Saturday, July 16, 2022
With the increase in the exemption equivalent of the unified credit to $12.06 million per person for deaths in 2022, very few estates have any federal estate tax liability. That means it is often the case that there is a “leftover” (unused) exemption amount at death. Normally, that unused amount would simply be lost. However, starting in 2011, upon the death of the first to die of a married couple the estate of the first spouse to die can elect to “port” (transfer) the unused exclusion amount to the surviving spouse. The amount ported over is added to the existing exclusion amount of the surviving spouse for the surviving spouse to use to either offset lifetime gifts (the federal estate tax and gift tax are “coupled”) or offset estate tax at death.
Often, the amount ported over is the full $12.06 million that can be ported to the surviving spouse, either because the estate was unplanned and everything automatically passes to the surviving spouse (and is covered by the marital deduction), or because the first spouse’s estate has been intentionally planned with that result in mind. But, sometimes there are larger estates where some of the first-spouse’s exemption is used to offset federal estates tax. The unused balance can be ported to the surviving spouse and added to the surviving spouse’s exemption.
But the “porting” of the deceased spouse’s unused exclusion amount (DSUEA) is not automatic. As indicated above, an election must be made in the deceased spouse’s estate to transfer the DSUEA to the surviving spouse. The timeframe for making the portability election had been two years from the date of the first spouse’s death. Now, the IRS has changed that two-year timeframe to five.
The IRS modification of the timeframe for filing a portability election – it’s the topic of today’s post.
The DSUEA Election
Two-year rule. The Treasury Regulations set the rules for making the DSUEA portability election. The executor of the estate of the first spouse to die must make the election on a timely-filed federal estate tax return (Form 706). Treas. Reg. §20.2010-2(a). To make the election, the deceased spouse must be a U.S. citizen or resident as of the date of death; a federal estate tax return is not required to be filed (because the estate is not large enough to have federal estate tax liability); and no federal estate tax return was filed. If no Form 706 is filed, the portability election cannot be made. Treas. Reg. §20.2010(a)(3). For larger estates that trigger an estate tax liability and the filing of Form 706, any unused DSUEA is automatically ported to the surviving spouse.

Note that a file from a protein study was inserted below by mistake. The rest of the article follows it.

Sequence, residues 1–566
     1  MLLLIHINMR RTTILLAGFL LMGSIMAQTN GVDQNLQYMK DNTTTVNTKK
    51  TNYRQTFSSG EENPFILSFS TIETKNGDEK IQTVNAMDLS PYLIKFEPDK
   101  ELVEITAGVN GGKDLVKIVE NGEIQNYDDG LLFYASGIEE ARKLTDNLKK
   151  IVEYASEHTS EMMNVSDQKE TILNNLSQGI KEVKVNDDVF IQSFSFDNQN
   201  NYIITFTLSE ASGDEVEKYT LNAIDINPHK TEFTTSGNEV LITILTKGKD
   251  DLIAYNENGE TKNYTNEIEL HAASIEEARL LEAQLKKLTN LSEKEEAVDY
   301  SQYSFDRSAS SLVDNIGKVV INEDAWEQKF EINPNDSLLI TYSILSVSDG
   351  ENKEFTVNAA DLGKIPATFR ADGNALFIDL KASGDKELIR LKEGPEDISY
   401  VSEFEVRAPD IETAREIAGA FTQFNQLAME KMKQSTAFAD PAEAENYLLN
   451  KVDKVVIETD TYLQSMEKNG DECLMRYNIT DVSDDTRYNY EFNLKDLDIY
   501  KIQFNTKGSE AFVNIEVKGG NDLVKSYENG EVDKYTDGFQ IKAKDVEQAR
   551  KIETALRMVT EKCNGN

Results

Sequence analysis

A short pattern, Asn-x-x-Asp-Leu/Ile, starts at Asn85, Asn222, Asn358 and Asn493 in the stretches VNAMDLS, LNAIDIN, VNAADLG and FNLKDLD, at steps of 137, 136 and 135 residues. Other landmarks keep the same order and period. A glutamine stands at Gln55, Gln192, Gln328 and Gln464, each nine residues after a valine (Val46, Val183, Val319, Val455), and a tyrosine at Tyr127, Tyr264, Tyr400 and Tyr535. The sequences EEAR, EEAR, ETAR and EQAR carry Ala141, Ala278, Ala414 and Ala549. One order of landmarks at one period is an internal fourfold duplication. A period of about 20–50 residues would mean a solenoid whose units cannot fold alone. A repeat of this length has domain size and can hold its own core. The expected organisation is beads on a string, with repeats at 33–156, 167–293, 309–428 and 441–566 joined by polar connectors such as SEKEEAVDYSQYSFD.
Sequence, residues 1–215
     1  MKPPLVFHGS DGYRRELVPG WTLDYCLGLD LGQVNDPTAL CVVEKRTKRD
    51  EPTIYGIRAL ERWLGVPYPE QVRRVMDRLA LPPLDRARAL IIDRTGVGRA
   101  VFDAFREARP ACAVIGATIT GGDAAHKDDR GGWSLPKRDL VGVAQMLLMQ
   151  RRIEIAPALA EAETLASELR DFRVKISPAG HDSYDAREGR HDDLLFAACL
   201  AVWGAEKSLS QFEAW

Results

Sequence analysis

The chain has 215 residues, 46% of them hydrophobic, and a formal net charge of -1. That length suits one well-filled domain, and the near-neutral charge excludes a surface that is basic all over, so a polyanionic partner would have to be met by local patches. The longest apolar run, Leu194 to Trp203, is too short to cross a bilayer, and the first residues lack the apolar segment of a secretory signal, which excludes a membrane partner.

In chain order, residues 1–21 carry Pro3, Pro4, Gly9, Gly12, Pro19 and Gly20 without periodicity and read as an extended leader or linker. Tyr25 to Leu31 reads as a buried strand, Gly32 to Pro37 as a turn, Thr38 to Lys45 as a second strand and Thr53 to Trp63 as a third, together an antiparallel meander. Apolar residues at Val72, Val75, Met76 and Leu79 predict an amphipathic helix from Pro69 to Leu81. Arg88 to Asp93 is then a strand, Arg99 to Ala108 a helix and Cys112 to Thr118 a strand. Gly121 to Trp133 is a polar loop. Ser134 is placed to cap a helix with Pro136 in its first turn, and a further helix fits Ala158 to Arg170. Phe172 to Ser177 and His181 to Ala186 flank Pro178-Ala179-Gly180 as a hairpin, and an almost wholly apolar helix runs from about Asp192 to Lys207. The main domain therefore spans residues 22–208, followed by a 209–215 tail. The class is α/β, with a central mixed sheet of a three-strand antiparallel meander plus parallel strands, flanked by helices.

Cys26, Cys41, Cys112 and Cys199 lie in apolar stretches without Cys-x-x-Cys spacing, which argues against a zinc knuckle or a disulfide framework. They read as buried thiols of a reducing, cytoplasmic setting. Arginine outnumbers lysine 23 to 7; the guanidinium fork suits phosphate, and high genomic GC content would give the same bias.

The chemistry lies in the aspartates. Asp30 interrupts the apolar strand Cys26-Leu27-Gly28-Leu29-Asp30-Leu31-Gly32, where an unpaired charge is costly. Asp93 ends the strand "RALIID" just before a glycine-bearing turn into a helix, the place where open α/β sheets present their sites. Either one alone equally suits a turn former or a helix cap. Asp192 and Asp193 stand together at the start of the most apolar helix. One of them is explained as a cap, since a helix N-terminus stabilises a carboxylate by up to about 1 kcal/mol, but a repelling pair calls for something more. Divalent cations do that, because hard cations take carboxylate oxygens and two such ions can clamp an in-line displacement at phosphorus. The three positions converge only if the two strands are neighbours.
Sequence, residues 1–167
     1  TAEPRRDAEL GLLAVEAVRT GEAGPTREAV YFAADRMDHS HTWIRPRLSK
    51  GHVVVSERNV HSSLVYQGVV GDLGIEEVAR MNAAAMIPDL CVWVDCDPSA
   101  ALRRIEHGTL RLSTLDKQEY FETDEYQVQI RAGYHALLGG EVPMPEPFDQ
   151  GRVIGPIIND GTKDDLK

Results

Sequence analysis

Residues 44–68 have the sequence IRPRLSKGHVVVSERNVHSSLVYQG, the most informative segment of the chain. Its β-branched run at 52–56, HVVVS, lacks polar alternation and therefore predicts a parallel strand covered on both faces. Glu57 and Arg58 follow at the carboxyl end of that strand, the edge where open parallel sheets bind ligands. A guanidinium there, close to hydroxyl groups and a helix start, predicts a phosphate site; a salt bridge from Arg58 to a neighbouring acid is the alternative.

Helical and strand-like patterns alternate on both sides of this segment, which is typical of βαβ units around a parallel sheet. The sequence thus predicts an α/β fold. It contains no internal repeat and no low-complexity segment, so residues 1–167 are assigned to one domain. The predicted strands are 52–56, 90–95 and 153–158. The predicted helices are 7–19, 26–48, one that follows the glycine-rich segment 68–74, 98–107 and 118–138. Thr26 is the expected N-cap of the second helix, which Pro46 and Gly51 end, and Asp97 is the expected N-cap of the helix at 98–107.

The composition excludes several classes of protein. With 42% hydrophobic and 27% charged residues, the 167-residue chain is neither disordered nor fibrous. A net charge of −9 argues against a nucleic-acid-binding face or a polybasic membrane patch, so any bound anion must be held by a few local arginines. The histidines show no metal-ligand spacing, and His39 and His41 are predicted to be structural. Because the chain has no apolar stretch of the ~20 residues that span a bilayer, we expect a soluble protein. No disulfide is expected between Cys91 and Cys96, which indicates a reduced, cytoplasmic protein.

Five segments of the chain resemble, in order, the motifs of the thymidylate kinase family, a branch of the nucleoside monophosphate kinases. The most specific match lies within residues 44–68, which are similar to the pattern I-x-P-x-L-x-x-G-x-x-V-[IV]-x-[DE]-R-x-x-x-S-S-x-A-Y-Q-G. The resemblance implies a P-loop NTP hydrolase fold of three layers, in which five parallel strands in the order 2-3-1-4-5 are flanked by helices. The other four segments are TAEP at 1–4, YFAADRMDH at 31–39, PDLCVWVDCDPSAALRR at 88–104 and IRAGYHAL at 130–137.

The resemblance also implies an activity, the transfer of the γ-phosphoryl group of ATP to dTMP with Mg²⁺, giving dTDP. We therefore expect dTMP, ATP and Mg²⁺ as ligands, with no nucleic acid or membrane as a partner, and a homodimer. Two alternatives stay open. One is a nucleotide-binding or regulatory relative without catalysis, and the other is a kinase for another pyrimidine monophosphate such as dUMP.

As for the portability election, “timely-filed” means nine months after death or, by extension, 15 months after death. The IRS can grant extensions of time from those deadlines and has done so on numerous occasions by issuing private letter rulings. Indeed, the IRS grew weary of granting so many extensions that it issued Rev. Proc. 2017-34 in 2017 providing a simplified method for estates to get an automatic extension of time to make the portability election. 2017-26, I.R.B. 1282. With Rev. Proc. 2017-34, the IRS also granted an automatic two-year “grace” period to make the portability election – two years from the date of the decedent’s death.
Note: If a portability election is not desired upon the death of the first spouse, the executor must state affirmatively on a timely filed Form 706 (or attachment) that the estate is not electing portability under I.R.C. §20.10(c)(5). For larger estates where there is a Form 706 filing requirement, a box on part 6, section A of Form 706 can be checked if the executor does not want to port over the DSUEA.
Five-year rule. Even with the two-year “grace” period provided in Rev. Proc. 2017-34, the IRS still received many requests for an extension of time to make the election. Those requests, coupled with the shortage of IRS personnel in the Estate and Gift Tax branch has led IRS to supersede Rev. Proc. 2017-34 with Rev. Proc. 2022-32, 2022-30 I.R.B. ___. Under Rev. Proc. 2022-32, the timeframe for making the portability election is extended to five years from the date of the decedent’s death. Rev. Proc. 2022-32 is effective for estates of decedents dying on or after July 8, 2022.
Note: It continues to be the case that the Form 706 that is filed to make the DSUEA election for a non-taxable estate is a simplified Form 706. There is no need for any appraisals, and amounts can be rounded down to the nearest $250,000. Also, the requirement for making the electing referenced above that were contained in Rev. Proc. 2017-34 remain unchanged.
The DSUEA election is an important part of estate planning for a surviving spouse. While the federal estate tax exclusion amount is schedule to drop to $5 million (adjusted for inflation in 2011 dollars) for deaths after 2025, any amount ported over presently would remain. That could be a big deal for a surviving spouse with a sizable estate that dies in a year when the applicable exclusion amount is lower than it is now. It can also be important when a surviving spouse comes into unexpected wealth that substantially increases the size of the taxable estate. In any event, the DSUEA portability election is an election that should be made in practically every estate of the first spouse to die of a married couple. While it may ultimately prove to have been unnecessary, it is always better to be safe than sorry. Now, IRS has provided a five-year period from the death of the first spouse to make the election. That’s good news for many estates, farm and non-farm.